Sacred Scripture and Theology | Thomas More College

Sacred Scripture and Theology

This is eternal life: that they may know you, the only true God, and Jesus Christ whom you have sent.
–John 17:3

The human person, created in the image of God, is made for truth. In the words of St. Augustine, the blessed life that all men seek consists in “joy in the truth — for this is joy in You, O God, who are truth” (Confessions X, xxiii, 33). According to John Paul II, it is the privileged task of the Catholic college or university “to unite existentially by intellectual effort two orders of reality that too frequently tend to be placed in opposition as though they were antithetical: the search for truth, and the certainty of already knowing the fount of truth” (Ex Corde Ecclesiae, 1). That intellectual effort finds its fulfillment in the study of sacred theology, the “science of faith” — the reasoned-out knowledge of things believed.

At Thomas More College, students spend two years building this foundation. We begin by considering the human search for God, its promise and its perils. We then examine God’s own initiative on behalf of man — the divine answer to the human question — as revealed in Sacred Scripture. Select texts of the Old and New Testaments are read in their essential unity — as manifesting the one plan of God centered on Jesus Christ — and within the living tradition of the Church — that is, as authoritatively interpreted by the Magisterium and faithfully expounded by the Fathers and Doctors — St. Augustine and St. John Chrysostom, St. Gregory the Great and St. Bernard, Newman and Benedict XVI. The Word of God is also considered as the source of the Church’s life of prayer and worship — as not only “informative” but also “performative” (Spe Salvi, 2).

Having secured the foundation, students pursue scientific theology proper in the fourth year, examining the mystery of Christ — the Word made flesh for our salvation — and the mystery of our new life in Christ. As the recent Holy Fathers never tire of repeating, “only in the mystery of the Incarnate Word does the mystery of man take on light…. [Christ] fully reveals man to himself and brings to light his most high calling” (Gaudium et Spes, 22). Our principal guide here is St. Thomas Aquinas, the “Common Doctor,” whom the Church has always proposed “as a master of thought and a model of the right way to do theology” (Fides et Ratio, 43).

Course Descriptions

(3 credits during first year of studies)
Man by nature seems to long for something beyond the mere human condition.  Yet, side by side with the thirst for transcendence we find recurring skepticism that divine things are anything more than a human fabrication.  What is the relationship between experience and revelation within religion?  What is the relationship between faith and reason within Christianity?  Why does man desire transcendence?  Why does he stray from pursuing it?  Authors and texts include: Books of the Old Testament, Sophocles, Plato, Lucretius, Cicero, and the Catechism of the Catholic Church.

(3 credits during first year of studies)
A study of the person, words, sufferings, and deeds of Jesus Christ who is the Redeemer of Man, as prefigured in the Law, foretold by the Prophets, and proclaimed by the Evangelists. The principal texts will be the Gospels themselves, accompanied by commentaries by Sts. Leo the Great, Augustine, and Aquinas and Pope Benedict XVI.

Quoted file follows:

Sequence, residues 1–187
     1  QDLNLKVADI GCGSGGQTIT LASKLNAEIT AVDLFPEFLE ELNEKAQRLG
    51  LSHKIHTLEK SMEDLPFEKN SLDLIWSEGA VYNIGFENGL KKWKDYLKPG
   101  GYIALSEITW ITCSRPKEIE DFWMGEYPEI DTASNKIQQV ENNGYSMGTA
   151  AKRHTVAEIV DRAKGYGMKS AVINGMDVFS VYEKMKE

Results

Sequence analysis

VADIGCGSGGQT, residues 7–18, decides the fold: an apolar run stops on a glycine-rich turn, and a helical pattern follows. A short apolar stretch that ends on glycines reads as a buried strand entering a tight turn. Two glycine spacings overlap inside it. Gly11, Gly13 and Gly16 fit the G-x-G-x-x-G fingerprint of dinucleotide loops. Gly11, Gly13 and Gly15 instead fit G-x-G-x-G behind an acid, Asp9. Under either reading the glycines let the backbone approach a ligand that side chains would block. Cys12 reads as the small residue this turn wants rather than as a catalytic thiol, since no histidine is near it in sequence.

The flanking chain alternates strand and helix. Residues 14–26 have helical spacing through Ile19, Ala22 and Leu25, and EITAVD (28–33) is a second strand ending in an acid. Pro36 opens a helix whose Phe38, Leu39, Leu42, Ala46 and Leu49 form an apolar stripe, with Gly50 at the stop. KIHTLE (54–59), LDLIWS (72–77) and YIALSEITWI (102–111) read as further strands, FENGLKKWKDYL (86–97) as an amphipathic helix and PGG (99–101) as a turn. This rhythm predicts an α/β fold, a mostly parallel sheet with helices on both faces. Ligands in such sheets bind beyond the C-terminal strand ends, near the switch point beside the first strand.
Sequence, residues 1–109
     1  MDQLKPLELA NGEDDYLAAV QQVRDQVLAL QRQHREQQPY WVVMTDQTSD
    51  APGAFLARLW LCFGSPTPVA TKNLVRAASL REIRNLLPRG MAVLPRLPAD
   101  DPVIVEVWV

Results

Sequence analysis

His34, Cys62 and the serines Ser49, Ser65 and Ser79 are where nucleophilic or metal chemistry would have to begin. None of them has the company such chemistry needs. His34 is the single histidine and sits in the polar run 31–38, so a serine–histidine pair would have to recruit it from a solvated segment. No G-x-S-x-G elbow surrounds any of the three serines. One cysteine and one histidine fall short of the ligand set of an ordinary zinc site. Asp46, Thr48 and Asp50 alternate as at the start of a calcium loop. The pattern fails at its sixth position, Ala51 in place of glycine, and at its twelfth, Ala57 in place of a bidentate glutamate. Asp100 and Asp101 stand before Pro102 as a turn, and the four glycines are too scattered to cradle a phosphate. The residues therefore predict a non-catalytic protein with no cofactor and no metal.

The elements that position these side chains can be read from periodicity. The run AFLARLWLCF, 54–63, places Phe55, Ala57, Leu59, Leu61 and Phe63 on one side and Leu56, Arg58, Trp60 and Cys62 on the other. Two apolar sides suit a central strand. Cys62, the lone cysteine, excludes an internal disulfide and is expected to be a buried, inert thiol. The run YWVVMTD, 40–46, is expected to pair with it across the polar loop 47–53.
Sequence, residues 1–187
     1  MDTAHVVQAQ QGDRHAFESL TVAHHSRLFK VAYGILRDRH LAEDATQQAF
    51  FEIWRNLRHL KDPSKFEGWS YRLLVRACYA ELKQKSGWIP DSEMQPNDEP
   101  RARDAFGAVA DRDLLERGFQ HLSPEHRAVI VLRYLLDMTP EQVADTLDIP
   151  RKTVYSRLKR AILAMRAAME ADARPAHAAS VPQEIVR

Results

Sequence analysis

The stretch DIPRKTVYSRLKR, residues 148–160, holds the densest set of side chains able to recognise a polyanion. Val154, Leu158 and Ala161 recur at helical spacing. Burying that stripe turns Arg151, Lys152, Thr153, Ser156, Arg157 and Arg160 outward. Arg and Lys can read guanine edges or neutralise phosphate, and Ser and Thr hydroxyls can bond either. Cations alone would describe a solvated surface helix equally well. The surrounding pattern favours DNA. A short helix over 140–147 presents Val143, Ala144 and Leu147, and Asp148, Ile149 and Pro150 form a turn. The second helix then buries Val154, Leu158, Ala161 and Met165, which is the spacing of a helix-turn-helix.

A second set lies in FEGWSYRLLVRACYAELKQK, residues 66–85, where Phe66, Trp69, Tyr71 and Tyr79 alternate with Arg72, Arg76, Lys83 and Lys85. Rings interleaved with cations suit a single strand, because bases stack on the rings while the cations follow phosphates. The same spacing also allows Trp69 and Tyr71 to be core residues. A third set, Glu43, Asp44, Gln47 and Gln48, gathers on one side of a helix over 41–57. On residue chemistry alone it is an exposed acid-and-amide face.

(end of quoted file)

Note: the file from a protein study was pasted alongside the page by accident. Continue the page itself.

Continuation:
(3 credits during second year of studies)
An examination of the lex orandi, the law of prayer, through a consideration of such topics as worship, sacrifice, liturgical and private prayer, lectio divina, sacramental theology, and the role of sacred art and music.  Particular attention will be given to the poetic impulse and figurative language in prayer.  Biblical texts will include the Psalms, the Song of Songs, the Letter to the Hebrews, and the Apocalypse, with commentaries and supplementary readings from the works of the Fathers of the Church, St. Teresa of Avila, St. Pius X, and Joseph Ratzinger.

(3 credits during second year of studies)
A careful journey through the writings of St. Paul with the goal of attaining a clear understanding of the mystery of salvation.  In addition to the Pauline corpus, students will give serious consideration to the commentaries of the Fathers and St. Thomas Aquinas.

(3 credits during fourth year of studies)
A study of God’s providential plan of salvation centered on—and revealed in—the Incarnation, Passion, and Resurrection of Jesus Christ. The principal texts will be the works of Saint Augustine and Saint Aquinas.

(3 credits during fourth year of studies)
A study of the mystery of divine life granted to us in Christ. Topics include Grace and the New Law, beatitude and the Beatitudes, the theological virtues—charity in particular— and the Gifts of the Holy Spirit. The principal text will be Aquinas’ Summa Theologiae, with constant reference to his Scriptural and Patristic sources.

(3 credits during fourth year of studies)
An examination of the continuous contact of Western Catholic culture with others; particular attention is given to understanding the Church’s universal mission of evangelization in the context of contemporary dialogues with Eastern Orthodoxy, Judaism, Islam, and other non-Christian religions.  Readings will be anchored by magisterial documents (e.g., Satis CognitumUt Unum Sint, etc.) and primary sources of the other societies such as the Koran.   Attention will be given to literary, philosophical, and theological works from these non Western-Catholic societies (Confucius, Averroes, Dostoyevski, etc.) in order to encourage students to see how the imagination both shapes and is shaped by culture in the mind’s apprehension of reality, and to enquire into what extent we can speak about generic patterns of order and ideas.

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